To each his own pugad: when did comics become political? 2
Art by Gica Tam

To each his own pugad: when did comics become political?

Sometimes, entertainment is a more accurate state of the nation address
Paolo Vergara | Nov 05 2018

Around cartoon and comics circles in the United States, there has recently been discussions that this medium is essentially political. This is no doubt sparked by the fact that Captain Marvel, portrayed via male and female alter-egos in the original comics over the years, is decidedly female in the upcoming movie adaptation. This is undoubtedly shaped by the United States’ strong political culture.

Closer to home, this former US territory embraced the medium especially at the height of our colonial days. Still, the way we relate to politics is different from how the American public relates to theirs. Party lines here aren’t as ideologically charged as in the US, and Filipinos in general tend to take a seemingly resigned approach to the powers-that-be. Owing to this, humor has always been our weapon of choice, and komiks are a popular pluck from the arsenal.

A thread by Marvel writer Matthew Rosenberg on comics and politics.


Some komiks are blatantly political, like the long-running Jesse Abrera strip A. Lipin and Rene Andrada’s Prof, from the Philippine Daily Inquirer and Philippine Star respectively. Some titles from these broadsheets also reference political issues, like Pol Medina Jr.’s Pugad Baboy or Manix Abrera’s Kikomachine. These last two strips have since been incorporated into digital publications.

Whether creators intend to or not, whether they’re brandishing fire or just having fun, politics, as an inseparable facet of culture, always kicks in one way or another, in any era.

Mga Kabalbalan ni Kenkoy, published by Liwayway magazine at the height of the American occupation, though never explicitly political, was nonetheless shaped by the milieu: its titular character often spoke in pidgin English and tried to keep up with the fashions and mannerisms of the times, often with humorously disastrous results. It was a wry jab at the Filipino attitude of setting the colonizer’s standards as the standard.

Almost 20 years after Kenkoy hit the press, Mars Ravelo’s Darna was initially rejected by publishers thinking that a “superheroine would not sell.” Believing that a postwar Philippines needed her, Ravelo persisted with his serial comic. The first Darna film came out in 1951, even before the source material wrapped its plot up. 

While American comics are made in a cultural climate that’s blatantly political, Filipino creators in the colonial and Martial Law eras, often facing censorship, have had to be more subtle. The Marcos years witnessed the “Filipino Invasion” (or more accurately, exodus) of artists and creators leaving the islands for the US to work uninhibited.

Pugad Baboy, part of the wave of komiks appearing after the martial law years, is more upfront in nodding to politics: a main character is a communist rebel (who has since defected to start a socialist farm, as of strips published in 2016), who often drinks with a government soldier; they are best buddies from the same barangay. That same soldier, portrayed as womanistic and chauvinistic, is ironically subservient to his feminist wife.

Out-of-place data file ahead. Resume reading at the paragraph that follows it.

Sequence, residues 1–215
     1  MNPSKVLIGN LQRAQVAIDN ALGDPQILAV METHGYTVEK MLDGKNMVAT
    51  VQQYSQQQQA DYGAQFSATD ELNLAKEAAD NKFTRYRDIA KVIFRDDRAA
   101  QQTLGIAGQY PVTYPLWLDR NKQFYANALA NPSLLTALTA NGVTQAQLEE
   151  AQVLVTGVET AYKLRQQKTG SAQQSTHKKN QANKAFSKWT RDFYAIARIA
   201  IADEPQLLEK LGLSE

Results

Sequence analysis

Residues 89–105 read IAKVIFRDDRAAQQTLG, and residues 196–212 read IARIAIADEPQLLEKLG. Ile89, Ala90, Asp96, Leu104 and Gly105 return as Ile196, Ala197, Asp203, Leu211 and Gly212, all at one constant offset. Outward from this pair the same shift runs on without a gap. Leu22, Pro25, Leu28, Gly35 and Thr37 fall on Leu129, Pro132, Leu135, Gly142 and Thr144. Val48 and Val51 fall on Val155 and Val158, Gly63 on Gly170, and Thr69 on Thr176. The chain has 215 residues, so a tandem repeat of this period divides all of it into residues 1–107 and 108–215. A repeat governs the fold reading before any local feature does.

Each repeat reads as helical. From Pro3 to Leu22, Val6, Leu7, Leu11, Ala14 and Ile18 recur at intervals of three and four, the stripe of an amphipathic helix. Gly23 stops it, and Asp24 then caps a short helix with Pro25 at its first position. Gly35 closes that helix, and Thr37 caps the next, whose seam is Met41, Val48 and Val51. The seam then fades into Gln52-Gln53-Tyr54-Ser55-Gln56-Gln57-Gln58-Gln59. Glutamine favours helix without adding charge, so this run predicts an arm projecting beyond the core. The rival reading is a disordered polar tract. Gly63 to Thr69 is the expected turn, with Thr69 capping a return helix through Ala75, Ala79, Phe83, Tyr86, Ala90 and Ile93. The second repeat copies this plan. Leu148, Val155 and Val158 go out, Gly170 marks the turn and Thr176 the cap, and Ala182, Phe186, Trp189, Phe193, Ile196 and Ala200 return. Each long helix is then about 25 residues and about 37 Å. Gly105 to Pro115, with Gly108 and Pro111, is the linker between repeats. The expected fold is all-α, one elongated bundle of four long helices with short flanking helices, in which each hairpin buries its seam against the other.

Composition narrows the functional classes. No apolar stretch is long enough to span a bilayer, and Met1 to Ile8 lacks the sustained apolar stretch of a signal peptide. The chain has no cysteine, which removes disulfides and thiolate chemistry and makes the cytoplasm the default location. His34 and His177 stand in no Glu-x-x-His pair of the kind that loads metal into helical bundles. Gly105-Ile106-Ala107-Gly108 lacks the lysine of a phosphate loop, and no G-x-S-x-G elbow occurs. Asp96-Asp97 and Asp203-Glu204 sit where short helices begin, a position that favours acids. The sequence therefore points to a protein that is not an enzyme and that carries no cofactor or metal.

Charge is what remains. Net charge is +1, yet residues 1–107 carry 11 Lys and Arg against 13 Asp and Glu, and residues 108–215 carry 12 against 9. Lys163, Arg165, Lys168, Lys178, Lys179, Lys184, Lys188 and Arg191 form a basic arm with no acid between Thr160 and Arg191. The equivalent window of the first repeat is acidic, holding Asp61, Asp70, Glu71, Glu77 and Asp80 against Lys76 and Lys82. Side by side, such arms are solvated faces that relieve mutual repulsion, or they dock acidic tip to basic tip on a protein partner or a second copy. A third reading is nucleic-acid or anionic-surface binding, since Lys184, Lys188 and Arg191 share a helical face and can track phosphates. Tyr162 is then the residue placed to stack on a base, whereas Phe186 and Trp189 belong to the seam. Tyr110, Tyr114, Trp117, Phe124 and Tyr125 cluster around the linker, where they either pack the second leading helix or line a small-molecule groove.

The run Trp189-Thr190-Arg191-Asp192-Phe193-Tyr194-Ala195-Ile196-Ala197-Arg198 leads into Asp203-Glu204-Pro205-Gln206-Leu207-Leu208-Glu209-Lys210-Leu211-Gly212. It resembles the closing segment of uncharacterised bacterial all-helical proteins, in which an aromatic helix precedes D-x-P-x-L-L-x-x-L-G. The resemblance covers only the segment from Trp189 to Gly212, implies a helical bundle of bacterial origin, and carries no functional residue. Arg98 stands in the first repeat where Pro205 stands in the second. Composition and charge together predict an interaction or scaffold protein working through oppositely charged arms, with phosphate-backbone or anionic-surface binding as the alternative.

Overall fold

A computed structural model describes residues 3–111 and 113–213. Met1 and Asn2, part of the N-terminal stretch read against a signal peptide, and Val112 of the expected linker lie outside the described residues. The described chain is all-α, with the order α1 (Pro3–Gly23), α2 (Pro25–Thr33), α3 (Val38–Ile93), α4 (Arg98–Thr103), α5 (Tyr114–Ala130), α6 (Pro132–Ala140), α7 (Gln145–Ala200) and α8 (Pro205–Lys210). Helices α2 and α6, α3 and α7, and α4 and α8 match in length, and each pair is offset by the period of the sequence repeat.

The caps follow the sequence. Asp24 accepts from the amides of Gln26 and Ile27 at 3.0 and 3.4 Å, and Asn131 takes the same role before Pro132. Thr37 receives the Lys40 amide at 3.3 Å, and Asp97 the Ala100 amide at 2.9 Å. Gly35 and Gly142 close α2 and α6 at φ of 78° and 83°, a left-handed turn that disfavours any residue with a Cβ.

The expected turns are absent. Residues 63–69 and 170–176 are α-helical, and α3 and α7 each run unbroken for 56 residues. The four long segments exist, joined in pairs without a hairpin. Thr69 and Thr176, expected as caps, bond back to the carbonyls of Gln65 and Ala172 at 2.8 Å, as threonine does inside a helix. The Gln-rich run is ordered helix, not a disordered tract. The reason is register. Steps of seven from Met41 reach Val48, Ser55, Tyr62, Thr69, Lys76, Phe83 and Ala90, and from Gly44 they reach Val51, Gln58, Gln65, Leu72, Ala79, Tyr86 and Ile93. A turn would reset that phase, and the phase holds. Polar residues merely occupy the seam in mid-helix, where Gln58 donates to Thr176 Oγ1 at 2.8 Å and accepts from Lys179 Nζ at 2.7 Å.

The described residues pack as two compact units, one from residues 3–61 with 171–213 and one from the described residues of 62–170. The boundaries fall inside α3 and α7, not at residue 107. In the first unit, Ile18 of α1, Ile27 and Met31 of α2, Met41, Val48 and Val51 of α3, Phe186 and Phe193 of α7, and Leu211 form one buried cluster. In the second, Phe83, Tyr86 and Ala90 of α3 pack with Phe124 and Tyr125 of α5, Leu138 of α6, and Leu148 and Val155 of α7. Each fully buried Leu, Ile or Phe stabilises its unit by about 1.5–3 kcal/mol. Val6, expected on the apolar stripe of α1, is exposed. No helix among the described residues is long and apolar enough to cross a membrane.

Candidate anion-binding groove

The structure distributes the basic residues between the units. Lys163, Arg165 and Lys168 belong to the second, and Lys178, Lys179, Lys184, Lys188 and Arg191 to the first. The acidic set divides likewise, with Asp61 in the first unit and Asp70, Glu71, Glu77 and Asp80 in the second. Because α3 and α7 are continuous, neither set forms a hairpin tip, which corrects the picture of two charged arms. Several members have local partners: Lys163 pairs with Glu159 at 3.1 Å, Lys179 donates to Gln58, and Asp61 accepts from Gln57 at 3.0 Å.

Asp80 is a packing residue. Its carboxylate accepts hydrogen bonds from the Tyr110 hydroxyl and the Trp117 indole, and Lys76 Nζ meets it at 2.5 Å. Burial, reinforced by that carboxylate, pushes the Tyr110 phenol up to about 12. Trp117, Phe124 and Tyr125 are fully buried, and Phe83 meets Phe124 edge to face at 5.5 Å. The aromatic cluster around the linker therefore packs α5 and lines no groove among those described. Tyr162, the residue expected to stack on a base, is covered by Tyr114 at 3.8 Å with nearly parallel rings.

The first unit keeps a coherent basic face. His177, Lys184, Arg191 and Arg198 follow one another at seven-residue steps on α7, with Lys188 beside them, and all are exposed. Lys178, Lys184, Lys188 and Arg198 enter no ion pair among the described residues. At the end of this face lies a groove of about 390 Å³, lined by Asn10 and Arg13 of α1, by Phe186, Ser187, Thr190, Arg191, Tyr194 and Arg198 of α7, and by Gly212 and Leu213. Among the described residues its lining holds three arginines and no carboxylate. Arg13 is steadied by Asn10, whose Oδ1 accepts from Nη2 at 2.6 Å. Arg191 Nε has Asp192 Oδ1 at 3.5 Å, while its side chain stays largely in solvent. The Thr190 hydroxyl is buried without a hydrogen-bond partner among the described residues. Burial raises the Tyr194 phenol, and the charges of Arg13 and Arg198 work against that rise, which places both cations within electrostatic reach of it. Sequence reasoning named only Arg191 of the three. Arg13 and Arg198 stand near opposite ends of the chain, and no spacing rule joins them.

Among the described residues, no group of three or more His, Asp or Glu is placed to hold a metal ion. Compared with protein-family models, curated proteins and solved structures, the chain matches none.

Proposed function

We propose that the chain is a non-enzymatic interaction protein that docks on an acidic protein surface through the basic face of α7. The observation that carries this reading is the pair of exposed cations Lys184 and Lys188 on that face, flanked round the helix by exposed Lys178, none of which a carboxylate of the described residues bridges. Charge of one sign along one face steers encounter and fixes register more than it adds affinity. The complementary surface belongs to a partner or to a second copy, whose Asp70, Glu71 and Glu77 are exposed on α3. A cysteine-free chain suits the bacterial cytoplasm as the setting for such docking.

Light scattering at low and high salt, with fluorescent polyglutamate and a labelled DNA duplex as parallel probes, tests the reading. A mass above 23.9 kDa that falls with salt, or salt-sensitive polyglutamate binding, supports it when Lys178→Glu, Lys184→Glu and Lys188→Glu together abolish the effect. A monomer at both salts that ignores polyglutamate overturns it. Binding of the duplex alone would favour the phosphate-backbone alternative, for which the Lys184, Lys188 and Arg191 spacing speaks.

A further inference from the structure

In the late 90s and well into the 2000s, independent creatives jumped on cheaper printing and the democratizing powers of the internet. Some titles have garnered acclaim, winning National Book Awards. These include Arnold Arre’s turn-of-the-century serial The Mythology Class (which is witnessing a reprint) and the ongoing Trese series by Budjette Tan and Kajo Baldisimo.

How have political realities shaped this new wave?

Gerry Alanguilan’s Eisner-award-winning Elmer is about racial equality, but from the point of view of sentient chickens. Paolo Fabregas’ superhero-epic The Filipino Heroes League draws much from social realities (like OFW brain-drain where heroes “go abroad to become sidekicks for American heroes”) to alternate histories (think of the EDSA Revolution but as a Marvel-universe epic battle). Mike Alcazaren claims that his irreverent and gory action-horror-comedy serial Patay Kung Patay was never intended as a political piece, yet it still draws from questions of authenticity faced by media people all while satirizing the lifestyles and vices of dirty-rich Filipinos across generations

The titles, whether their aim is to draw laughs or deliver page-by-page adrenalin and action, are nonetheless influenced by the milieu their creators find themselves in. Komiks are always incidentally, if not intentionally, political. Komiks have also influenced culture directly, as the names of titular characters such as Kenkoy and Ravelo’s Bondying have found their way into our language.

The medium’s changes over the years could also factor how “political” a topic becomes – one to three-panel daily strips, which often accompany the news cycle, are the obvious candidates for commentary. Today, television has replaced komiks as the medium of mass entertainment, and the latter became a niche genre, often taking the “longform” approach as serialized or otherwise one-shot visual novels. They allow for more space to discuss ideas and probe the stylistic limits of the medium. As such, the market for komiks has also come to include middle and upper-middle class audiences. Some would argue that komiks can be classified as high art, but that’s a box we’ll open another day.

Perhaps politics is its own entertainment—a world of high drama—and in our time of fake news, alternate histories, and conspiracy theories where reality is increasingly stranger than fiction, the era’s fiction doesn’t have to try so hard to be fanciful, and reality doesn’t have to try so hard to be entertaining.